In this paper, we present an integrated system for smart encoding in video surveillance. This system, developed within the European IST WCAM project, aims at defining an optimized JPEG 2000 codestream organization directly based on the semantic content of the video surveillance analysis module. The proposed system produces a fully compliant Motion JPEG 2000 stream that contains regions of interest (typically mobile objects) data in a separate layer than regions of less interest (e.g. static background). First the system performs a real-time unsupervised segmentation of mobiles in each frame of the video. The smart encoding module uses these regions of interest maps in order to construct a Motion JPEG 2000 codestream that allows an optimized rendering of the video surveillance stream in low bandwidth wireless applications, allocating more quality to mobiles than for the background. Our integrated system improves the coding representation of the video content without data overhead. It can also be used in applications requiring selective scrambling of regions of interest as well as for any other application dealing with regions of interest.
This paper presents a new method for remote and interactive browsing of long video surveillance sequences. The solution is based on interactive navigation in JPEG 2000 coded mega-images. We assume that the video 'key-frames' are available through automatic detection of scene changes or abnormal behaviors. These key-frames are concatenated in raster scanning order forming a very large 2D image, which is then compressed with JPEG 2000 to produce a scalable video summary of the sequence. We then exploit a mega image navigation platform, designed in full compliance with JPEG 2000 part 9 "JPIP", to search and visualize desirable content, based on client requests. The flexibility offered by JPEG 2000 allows highlighting key-frames corresponding to the required content within a low quality and low-resolution version of the whole summary. Such a fine grain scalability is a unique feature of our proposed JPEG 2000 video summaries expansion. This possibility to visualize key-frames of interests and playback the corresponding video shots within the context of the whole sequence enables the user to understand the temporal relations between semantically similar events. It is then particularly suited to analyzing complex incidents consisting of many successive events spread over a long period.
In this paper, we present an integrated system for video surveillance developed within the European IST WCAM project, using only standard multimedia and networking tools. The advantages of such a system, while allowing cost reduction and interoperability, is to benefit from the fast technological evolution of the video encoding and distribution tools.
We present an integrated real-time smart network camera. This system is composed of an image sensor, an embedded PC based electronic card for image processing and some network capabilities. The application detects events of interest in visual scenes, highlights alarms and computes statistics. The system also produces meta-data information that could be shared between other cameras in a network. We describe the requirements of such a system and then show how the design of the system is optimized to process and compress video in real-time. Indeed, typical video-surveillance algorithms as background differencing, tracking and event detection should be highly optimized and simplified to be used in this hardware. To have a good adequation between hardware and software in this light embedded system, the software management is written on top of the java based middle-ware specification established by the OSGi alliance. We can integrate easily software and hardware in complex environments thanks to the Java Real-Time specification for the virtual machine and some network and service oriented java specifications (like RMI and Jini). Finally, we will report some outcomes and typical case studies of such a camera like counter-flow detection.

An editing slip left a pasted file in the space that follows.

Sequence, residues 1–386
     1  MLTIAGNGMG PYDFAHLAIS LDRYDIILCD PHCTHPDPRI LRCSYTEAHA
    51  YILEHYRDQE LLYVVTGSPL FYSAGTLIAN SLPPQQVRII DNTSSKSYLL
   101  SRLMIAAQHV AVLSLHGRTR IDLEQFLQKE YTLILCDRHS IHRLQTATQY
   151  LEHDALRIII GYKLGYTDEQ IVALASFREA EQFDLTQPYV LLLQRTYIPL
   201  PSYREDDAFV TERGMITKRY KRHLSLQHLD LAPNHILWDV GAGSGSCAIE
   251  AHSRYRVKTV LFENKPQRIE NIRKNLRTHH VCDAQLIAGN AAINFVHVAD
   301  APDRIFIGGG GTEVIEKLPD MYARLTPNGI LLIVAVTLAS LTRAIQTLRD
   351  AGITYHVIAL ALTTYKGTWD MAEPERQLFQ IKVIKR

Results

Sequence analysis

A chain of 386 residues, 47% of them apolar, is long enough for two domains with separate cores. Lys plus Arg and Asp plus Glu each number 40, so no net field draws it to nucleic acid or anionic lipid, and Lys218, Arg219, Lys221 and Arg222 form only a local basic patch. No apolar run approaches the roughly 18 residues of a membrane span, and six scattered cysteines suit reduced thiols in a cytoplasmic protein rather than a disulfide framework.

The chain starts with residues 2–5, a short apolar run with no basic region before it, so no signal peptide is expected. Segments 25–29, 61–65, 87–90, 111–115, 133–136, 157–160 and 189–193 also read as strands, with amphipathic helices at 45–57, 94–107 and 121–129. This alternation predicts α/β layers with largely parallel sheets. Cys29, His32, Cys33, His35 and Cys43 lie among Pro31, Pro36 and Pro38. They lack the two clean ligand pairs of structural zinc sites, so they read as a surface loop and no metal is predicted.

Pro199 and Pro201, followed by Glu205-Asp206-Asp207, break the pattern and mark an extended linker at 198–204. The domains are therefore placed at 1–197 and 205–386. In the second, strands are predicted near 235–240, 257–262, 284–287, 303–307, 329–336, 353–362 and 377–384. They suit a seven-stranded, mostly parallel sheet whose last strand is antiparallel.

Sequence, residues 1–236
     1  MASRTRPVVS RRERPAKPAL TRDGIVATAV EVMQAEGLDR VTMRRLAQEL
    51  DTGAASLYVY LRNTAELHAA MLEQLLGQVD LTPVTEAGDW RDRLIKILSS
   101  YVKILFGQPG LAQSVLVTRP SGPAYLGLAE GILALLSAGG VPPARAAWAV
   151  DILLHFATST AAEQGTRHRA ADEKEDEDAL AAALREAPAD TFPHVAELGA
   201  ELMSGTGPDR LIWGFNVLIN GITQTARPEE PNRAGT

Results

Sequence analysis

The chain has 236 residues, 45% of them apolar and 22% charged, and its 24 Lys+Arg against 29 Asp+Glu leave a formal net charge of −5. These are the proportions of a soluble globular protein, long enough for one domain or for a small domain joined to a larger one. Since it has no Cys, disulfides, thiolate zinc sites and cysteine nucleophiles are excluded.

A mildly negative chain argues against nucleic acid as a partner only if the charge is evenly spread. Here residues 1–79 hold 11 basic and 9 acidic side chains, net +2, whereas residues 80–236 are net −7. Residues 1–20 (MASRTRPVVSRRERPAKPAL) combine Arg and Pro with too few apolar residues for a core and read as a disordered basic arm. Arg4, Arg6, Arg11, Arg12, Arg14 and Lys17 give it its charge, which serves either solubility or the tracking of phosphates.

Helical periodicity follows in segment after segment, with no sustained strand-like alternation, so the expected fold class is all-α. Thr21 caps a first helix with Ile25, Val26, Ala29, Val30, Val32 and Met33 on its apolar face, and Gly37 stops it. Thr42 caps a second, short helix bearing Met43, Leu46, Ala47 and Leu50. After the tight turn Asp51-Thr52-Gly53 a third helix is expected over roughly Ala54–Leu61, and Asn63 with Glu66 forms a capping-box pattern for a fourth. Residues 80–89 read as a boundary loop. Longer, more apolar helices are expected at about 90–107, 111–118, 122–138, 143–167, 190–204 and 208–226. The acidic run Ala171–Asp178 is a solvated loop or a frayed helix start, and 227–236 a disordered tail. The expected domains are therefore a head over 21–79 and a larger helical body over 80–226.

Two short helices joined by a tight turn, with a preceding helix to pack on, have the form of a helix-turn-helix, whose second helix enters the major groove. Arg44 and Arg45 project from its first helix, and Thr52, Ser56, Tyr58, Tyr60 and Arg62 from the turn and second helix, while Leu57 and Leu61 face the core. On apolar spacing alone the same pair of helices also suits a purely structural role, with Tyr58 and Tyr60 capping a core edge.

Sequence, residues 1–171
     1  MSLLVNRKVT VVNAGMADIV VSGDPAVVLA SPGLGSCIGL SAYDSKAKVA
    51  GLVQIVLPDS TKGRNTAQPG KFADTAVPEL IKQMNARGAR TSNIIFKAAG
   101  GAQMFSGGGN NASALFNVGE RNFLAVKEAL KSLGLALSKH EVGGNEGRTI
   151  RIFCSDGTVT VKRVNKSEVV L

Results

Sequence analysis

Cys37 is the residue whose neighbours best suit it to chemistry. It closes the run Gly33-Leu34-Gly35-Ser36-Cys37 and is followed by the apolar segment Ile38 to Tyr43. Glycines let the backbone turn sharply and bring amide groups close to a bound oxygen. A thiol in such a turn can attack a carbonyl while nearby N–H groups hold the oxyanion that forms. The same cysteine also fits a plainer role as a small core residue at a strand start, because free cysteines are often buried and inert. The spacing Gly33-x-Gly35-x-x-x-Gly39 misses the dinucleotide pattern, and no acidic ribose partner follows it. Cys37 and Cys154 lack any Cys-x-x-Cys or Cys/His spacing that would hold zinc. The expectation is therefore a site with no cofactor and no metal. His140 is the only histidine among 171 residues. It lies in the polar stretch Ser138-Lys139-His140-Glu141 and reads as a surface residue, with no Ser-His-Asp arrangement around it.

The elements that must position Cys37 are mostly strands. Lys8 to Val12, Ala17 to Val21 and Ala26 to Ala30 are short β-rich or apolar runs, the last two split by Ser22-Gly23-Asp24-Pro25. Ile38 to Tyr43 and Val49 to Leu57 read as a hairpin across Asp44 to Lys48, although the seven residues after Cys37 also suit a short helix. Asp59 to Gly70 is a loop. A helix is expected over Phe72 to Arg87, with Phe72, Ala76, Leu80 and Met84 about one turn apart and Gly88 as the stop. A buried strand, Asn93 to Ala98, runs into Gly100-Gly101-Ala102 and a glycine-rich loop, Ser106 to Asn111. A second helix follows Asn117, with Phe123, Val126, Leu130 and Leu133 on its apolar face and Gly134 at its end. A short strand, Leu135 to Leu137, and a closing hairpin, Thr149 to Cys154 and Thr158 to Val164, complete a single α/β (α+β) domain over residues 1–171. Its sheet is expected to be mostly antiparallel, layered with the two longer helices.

JPEG2000 offers a new coding of images with a hierarchical data
structure from which a user can pick up the only necessary codestream
for the generation of representation matched to his needs. Therefore, a unitary and multipurpose image exchange system can be made from
combining the new JPEG2000 technology and classical mailer tools.
This paper proposes such a flexible access method. The proposed server consists of two POP3 servers, a SMTP server, the image list database and the image database. The POP3 server performs user
authentication and provides the image list. The SMTP server receives the client's request and transmits the appropriate image.
First the user connects to the 1st POP3 server with ID and password, then receives the available image list as e-mails. One mail is sent for each available representation of an image, i.e. each JPEG2000 progression order and image format. The hash value of the codestream and the JPEG2000 progression order values are included in the Message-ID of each mail header. Information, such as the name of the image, size, quality of image, is written in the text. Then, the user orders an image by replying to the corresponding mail of the list. When the SMTP server receives the client's e-mail, it prepares the desired image, and provides a mail with that image to the client via the second POP3 server. The proposed system is validated with different platform mailer tools.